In continuation of our “Day in the Life” series, what do you say we just keep moving through the weekdays? That way I can’t simply pick and choose the more interesting days, and you get a more accurate glimpse into this off-grid farming thing. Here is last Wednesday in the life, July 2––exciting or not, Thursday, July 10th will be up next.
Middle of the night:
The wind picked up and lightning started to crash. I jumped out of bed to cover Charlie and her day-old kittens with a rain coat. I then tried to go back to bed but realized the young transplants were about to get pounded with rain and moved them back into the greenhouse, at which point I noticed the tarp had blown completely off the turkeys and fixed that, my headlamp shorting out all the while. With heart racing from trying to outrun the rain, and coming back to a boiling hot house, I got to sleep an hour or so later. All for about what turned out to be one-tenth of an inch of rain.
5:10 – 5:45 a.m.
Slept in (kinda), then did my chores and started a fire in the wood stove with bitter reluctance.
5:30 – 7 a.m.
Writing and breakfast, NPR in the background
Stirred blackberry wine and debated putting it into a carboy. Blackberry wine is by far my favorite country wine, but by far the wine that gets the least attention for how busy we are right now. Blackberries should really come into season in November.
7 – 7:45 a.m.
Moved the goats. This deserves its own post for how much I have struggled with the goats lately. They don’t seem to eat unless we’re around which, as full-time farmers, is utterly impossible. We’ve considered leaving cardboard cutouts of ourselves by their paddocks, but instead I’m just spending a little time with them each day and night and moving them more frequently––once a day. I don’t know what their deal is, but as my mentor Eric says, “In farming, everything is your fault.”
7:45 – 9 a.m.
I piddled about in the garden, cultivating and pulling weeds, planning and plotting the fall garden, cursing my Spring use of space.
9 – 10:30 a.m.
Every Monday, Wednesday and Friday we have to harvest any cucumbers, squash, zucchini, and tomatoes as to not let them over-ripen––I nearly forgot. Luckily, harvest was cloudy and I took the baskets of veggies down to our neighbor’s house to store in their cellar and came back with an armload of Mothering Magazine for Hannah. Being the epic reader she is, Hannah was excited, to say the least. I’ll see her sometime next week.
10:30 – 11 a.m.
It’s amazing how much time can be gobbled up just watering stuff––animals, transplants, self. I did a bunch of that and called the mechanic about our broken down truck which they hadn’t got to yet. No idea how long the truck will be there, never do. On the couch next to me was Shel Silverstein’s “Where the Sidewalk Ends”, so I decided to take a minute to read some poems to Hannah’s belly. I hope when the baby grows up that it takes an interest in literature… and car mechanics.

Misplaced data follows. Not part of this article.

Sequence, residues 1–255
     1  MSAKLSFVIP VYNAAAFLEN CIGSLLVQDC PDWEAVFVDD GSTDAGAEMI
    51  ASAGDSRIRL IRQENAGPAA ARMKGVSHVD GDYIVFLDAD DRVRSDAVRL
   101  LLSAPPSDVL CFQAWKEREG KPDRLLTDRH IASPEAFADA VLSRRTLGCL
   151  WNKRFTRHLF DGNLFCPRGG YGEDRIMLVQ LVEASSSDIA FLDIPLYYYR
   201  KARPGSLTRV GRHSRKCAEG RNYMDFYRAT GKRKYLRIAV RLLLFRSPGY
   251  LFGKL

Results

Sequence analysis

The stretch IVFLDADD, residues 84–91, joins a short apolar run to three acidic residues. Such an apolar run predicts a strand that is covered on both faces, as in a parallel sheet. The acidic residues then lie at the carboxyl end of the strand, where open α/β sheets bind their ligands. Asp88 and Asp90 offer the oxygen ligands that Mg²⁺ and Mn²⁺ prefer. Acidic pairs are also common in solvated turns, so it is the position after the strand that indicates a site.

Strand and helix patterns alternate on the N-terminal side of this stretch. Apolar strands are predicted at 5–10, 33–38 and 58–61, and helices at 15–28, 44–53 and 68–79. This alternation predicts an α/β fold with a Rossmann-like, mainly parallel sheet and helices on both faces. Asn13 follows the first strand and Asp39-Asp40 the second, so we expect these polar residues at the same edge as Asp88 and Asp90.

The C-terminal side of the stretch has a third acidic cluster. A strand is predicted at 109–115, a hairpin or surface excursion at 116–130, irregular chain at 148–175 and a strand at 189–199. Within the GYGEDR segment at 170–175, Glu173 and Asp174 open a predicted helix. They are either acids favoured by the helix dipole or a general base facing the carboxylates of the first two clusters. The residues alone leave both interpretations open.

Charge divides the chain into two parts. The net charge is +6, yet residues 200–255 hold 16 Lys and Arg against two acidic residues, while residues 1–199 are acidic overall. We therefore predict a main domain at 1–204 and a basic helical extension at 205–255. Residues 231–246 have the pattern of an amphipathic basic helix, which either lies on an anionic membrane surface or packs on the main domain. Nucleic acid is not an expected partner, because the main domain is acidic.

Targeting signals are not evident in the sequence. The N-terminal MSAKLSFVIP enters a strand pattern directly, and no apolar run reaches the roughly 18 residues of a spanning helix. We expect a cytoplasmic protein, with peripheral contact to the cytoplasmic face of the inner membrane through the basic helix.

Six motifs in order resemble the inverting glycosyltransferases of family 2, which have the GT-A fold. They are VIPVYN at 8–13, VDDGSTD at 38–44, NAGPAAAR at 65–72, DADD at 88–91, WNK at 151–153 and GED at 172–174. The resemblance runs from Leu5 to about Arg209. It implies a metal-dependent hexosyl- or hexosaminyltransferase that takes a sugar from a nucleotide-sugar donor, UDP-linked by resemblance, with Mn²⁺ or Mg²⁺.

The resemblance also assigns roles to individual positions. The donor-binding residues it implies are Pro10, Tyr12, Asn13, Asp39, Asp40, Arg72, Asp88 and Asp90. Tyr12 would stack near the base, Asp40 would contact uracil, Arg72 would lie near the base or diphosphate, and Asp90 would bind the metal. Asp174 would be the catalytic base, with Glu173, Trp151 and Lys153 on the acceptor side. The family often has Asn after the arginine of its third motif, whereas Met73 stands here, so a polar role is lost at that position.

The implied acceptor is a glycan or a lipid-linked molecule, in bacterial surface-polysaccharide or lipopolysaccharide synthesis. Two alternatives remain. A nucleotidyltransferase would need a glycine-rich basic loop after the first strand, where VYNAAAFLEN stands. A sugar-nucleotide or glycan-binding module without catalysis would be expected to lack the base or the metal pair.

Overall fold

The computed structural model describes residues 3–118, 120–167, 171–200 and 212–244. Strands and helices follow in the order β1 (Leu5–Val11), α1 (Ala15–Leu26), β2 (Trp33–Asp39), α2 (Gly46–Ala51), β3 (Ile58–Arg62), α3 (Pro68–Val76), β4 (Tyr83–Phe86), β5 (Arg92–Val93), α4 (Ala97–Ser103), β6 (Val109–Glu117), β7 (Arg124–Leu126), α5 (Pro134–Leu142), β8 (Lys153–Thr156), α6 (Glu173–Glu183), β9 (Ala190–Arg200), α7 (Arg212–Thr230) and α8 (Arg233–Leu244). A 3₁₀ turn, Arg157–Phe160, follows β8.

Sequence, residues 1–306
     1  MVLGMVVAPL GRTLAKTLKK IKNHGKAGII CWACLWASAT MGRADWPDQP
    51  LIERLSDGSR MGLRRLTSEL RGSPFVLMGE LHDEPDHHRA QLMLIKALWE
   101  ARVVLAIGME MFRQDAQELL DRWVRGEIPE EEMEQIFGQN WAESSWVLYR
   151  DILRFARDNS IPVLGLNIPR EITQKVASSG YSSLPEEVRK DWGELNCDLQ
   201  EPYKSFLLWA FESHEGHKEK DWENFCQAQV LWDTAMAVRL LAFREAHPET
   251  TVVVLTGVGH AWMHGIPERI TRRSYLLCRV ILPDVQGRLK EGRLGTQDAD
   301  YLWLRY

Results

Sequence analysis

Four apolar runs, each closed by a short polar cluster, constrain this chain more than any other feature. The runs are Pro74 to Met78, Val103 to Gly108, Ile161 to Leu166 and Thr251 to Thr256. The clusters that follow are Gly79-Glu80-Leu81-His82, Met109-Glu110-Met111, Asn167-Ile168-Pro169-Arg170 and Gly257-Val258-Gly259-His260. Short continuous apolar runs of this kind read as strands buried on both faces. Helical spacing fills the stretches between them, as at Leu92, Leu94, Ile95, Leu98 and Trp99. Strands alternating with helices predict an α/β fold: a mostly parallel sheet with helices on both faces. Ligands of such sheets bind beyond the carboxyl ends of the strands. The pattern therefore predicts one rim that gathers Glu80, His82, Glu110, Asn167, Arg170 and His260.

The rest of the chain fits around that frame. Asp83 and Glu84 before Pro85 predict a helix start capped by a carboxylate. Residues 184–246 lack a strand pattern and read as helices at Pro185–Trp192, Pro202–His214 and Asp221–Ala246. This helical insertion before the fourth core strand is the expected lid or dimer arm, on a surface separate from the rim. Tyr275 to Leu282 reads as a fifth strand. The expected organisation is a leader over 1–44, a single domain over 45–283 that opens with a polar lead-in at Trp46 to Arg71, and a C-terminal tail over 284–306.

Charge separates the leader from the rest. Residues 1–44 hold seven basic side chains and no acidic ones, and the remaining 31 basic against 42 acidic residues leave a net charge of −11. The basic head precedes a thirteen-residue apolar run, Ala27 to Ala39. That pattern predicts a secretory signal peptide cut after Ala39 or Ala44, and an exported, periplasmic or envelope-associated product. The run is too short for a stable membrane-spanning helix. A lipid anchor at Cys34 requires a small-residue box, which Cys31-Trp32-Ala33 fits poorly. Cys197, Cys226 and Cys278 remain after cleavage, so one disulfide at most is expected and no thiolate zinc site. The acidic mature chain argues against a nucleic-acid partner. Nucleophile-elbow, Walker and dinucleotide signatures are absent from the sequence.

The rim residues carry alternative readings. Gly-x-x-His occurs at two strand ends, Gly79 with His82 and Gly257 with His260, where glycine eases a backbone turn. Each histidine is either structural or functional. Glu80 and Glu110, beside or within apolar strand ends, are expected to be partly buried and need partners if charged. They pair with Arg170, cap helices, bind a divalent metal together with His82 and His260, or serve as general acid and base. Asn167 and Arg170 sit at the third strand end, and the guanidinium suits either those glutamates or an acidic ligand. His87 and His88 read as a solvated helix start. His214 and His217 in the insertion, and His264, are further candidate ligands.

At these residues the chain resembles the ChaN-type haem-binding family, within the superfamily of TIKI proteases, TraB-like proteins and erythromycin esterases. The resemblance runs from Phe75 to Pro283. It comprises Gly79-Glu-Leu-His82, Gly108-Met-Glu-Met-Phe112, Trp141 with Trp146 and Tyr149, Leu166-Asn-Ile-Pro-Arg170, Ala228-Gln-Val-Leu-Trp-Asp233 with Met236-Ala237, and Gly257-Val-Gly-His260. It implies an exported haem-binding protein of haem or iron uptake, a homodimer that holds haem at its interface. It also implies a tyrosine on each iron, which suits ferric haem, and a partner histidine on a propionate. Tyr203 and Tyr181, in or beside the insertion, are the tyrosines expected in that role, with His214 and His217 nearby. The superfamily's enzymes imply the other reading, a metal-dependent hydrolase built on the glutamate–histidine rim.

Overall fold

11 a.m. – 12:30 p.m.
Went to the big garden to cultivate the late tomatoes and rescue the early. The tomato patch at our house is beautiful. The tomato patch there is a jungle.
12:30 – 2:45 p.m.
Lunch and nap. No judging––nap time is essential to summer survival.
2:45 – 5:15 p.m.
Watched the kitties for a few minutes and went to the garden to tackle the tomatoes. Still a lot of work left, but looks more like a savanna now, less of a jungle.
5:15 – 5:45 p.m.
Swimming hole for bathing/cooling. God bless it.
5:45 – 6:30 p.m.
Hannah and I spent some time with the goats. We could tell they’d been eating by the fullness of their rumens, so hopefully they’re getting the hang of this independence thing. We’ll see though. You can lead a goat to fodder but you can’t make them eat.
6:30 – 7:15 p.m.
Evening chores and making dinner.
7:15 – 9:15 p.m.
Dinner and a movie. Sometimes as a treat we charge our computer and watch a movie in the house via Netflix. Our friend Aaron had recommended “Happy People: a year in the Taiga” which we also now recommend. The main subject of the documentary said something I liked, that you can take a man’s house and money, but you can never take his craft. And how. I may not want to ever live in Siberia, but I’m glad someone does.